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Women live longer so be sure to plan for it

(NC) If you're a woman born in the 1950s, two things are likely on your mind today. One, the prospects of retirement, and two, if you're living with a male partner who is the same age or older, you are facing the probability of outliving him.

According to Statistics Canada, the life expectancy of a female at birth in the 1950s was five years longer than a male at birth. No wonder women are constantly advised to save and invest funds aimed at a longer retirement. Good advice, even though it is easier said than done.

“There are other options if you envision yourself alone and haven't saved enough,” says Yvonne Ziomecki, a director with HomEquity Bank. “Instead of selling your house for the needed cash, why not stay in it and receive payments based on its real estate value? Accessing the equity in your home with a reverse mortgage like the CHIP Home Income Plan is a clever way to create a cash flow for the comfort and quality you deserve.”

Ziomecki explains how CHIP works:

If you're aged 55 and over, you can convert up to 50 per cent of your home equity into tax-free cash.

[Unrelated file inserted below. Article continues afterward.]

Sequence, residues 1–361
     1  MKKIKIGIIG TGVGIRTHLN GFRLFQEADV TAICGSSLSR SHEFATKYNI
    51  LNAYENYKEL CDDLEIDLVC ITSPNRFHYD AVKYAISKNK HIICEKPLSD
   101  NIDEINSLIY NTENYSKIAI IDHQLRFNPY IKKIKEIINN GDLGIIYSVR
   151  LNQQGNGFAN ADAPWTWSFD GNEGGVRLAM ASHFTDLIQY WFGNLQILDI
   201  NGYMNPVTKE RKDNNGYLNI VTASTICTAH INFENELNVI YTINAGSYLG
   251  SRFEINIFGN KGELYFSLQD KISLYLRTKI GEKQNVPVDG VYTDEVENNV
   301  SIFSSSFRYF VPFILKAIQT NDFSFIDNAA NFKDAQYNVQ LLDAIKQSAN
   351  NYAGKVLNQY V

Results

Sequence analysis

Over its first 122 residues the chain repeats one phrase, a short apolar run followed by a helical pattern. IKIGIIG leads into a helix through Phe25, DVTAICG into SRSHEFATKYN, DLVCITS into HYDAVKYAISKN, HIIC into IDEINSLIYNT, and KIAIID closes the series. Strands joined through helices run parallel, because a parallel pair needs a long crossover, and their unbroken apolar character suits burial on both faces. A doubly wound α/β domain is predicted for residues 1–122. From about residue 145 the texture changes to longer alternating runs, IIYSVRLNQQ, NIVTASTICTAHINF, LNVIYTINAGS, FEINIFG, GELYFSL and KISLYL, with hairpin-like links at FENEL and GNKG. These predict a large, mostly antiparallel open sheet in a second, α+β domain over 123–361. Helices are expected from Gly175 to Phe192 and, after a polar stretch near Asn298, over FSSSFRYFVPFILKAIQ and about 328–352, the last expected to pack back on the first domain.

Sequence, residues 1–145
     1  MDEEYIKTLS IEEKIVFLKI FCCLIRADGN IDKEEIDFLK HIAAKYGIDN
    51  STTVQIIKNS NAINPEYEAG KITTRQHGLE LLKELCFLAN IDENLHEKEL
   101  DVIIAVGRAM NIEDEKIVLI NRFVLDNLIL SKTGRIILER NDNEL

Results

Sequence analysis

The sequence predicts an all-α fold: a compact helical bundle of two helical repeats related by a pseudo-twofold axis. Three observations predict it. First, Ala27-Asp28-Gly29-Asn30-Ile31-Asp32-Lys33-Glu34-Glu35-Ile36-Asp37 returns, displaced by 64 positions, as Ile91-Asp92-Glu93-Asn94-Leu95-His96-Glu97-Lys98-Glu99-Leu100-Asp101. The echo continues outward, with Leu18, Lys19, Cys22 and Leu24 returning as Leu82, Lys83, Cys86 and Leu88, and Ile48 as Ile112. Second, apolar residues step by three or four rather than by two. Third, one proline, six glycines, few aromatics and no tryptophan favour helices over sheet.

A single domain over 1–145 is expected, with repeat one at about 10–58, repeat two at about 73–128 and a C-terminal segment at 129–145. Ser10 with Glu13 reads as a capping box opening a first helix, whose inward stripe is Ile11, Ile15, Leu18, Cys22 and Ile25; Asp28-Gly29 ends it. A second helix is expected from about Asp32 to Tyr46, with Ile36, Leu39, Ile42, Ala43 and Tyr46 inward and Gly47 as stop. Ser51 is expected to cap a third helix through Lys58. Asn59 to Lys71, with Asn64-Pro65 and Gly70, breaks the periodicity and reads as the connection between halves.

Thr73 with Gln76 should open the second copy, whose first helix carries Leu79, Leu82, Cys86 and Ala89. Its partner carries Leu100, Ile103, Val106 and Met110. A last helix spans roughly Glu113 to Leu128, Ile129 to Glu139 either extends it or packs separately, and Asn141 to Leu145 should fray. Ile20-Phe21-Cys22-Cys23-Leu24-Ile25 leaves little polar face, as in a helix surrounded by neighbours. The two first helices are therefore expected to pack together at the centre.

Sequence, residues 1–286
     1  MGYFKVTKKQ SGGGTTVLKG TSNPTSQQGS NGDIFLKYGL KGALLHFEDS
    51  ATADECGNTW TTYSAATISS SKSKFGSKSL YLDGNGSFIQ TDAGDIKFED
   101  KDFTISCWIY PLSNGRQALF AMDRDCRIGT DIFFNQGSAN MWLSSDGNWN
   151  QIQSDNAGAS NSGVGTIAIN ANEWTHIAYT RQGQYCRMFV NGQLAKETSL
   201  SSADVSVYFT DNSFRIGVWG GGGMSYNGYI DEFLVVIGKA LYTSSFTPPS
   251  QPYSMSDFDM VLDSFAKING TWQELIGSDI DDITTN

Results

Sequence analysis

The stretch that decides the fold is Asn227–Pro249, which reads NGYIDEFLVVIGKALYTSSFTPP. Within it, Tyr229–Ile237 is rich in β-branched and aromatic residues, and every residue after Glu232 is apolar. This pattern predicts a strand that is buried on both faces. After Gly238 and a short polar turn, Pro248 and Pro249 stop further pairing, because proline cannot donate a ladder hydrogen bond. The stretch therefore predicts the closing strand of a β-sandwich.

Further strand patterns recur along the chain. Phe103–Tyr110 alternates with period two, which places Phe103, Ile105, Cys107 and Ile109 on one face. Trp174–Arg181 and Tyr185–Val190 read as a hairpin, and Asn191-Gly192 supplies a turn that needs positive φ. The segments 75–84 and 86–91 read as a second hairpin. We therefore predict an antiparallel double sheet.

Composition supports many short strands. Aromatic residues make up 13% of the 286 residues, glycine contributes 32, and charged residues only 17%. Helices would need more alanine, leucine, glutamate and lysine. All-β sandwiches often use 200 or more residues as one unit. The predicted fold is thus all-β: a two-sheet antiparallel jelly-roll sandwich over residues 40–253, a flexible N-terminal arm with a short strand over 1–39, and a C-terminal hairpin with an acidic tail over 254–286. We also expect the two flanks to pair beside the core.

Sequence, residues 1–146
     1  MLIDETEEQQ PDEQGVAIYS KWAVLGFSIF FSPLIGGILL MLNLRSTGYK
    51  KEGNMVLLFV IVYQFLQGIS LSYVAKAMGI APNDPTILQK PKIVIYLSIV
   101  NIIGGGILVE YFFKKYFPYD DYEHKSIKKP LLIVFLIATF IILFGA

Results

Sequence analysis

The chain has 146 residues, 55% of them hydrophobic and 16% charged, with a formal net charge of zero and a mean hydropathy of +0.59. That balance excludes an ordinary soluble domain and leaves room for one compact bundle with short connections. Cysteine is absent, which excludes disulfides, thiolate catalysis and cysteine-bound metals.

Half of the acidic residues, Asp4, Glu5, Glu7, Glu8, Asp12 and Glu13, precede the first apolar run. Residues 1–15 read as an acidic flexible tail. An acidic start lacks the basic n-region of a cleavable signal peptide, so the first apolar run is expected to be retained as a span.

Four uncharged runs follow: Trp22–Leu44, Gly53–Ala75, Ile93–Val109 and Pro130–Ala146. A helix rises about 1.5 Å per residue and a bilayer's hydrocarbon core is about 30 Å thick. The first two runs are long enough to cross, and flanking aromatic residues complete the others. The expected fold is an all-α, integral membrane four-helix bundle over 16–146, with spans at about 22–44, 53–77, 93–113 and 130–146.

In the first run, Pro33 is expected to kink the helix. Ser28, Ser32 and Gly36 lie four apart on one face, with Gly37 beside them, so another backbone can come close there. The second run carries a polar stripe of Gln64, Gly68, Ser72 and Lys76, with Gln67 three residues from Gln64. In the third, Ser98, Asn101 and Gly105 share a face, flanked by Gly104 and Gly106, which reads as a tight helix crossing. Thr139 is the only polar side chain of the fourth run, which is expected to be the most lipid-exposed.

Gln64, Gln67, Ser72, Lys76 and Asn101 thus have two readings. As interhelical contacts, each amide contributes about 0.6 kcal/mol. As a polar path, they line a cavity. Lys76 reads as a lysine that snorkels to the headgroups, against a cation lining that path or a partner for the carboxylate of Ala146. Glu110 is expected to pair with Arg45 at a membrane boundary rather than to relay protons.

Unlike other loans on the market, you are not required to service the interest, or repay the principal until you choose to move or sell.

You also have the option to take a lump sum to pay off your debts, or for home repairs and modifications. Or you can schedule monthly advances to enhance your cash flow on a regular basis. Some homeowners do both.

“This financial tool can also make your savings last longer,” Ziomecki continued. “For example, using a reverse mortgage to provide additional cash income could help you delay the need for your non-registered investments. Or if your savings are in a RRIF, an alternate source of cash would prevent you from withdrawing money above the annual minimum. Both of these strategies will likely have tax implications, so be sure to work with a financial advisor for solutions that fit your needs.”

Additional information is also available online at

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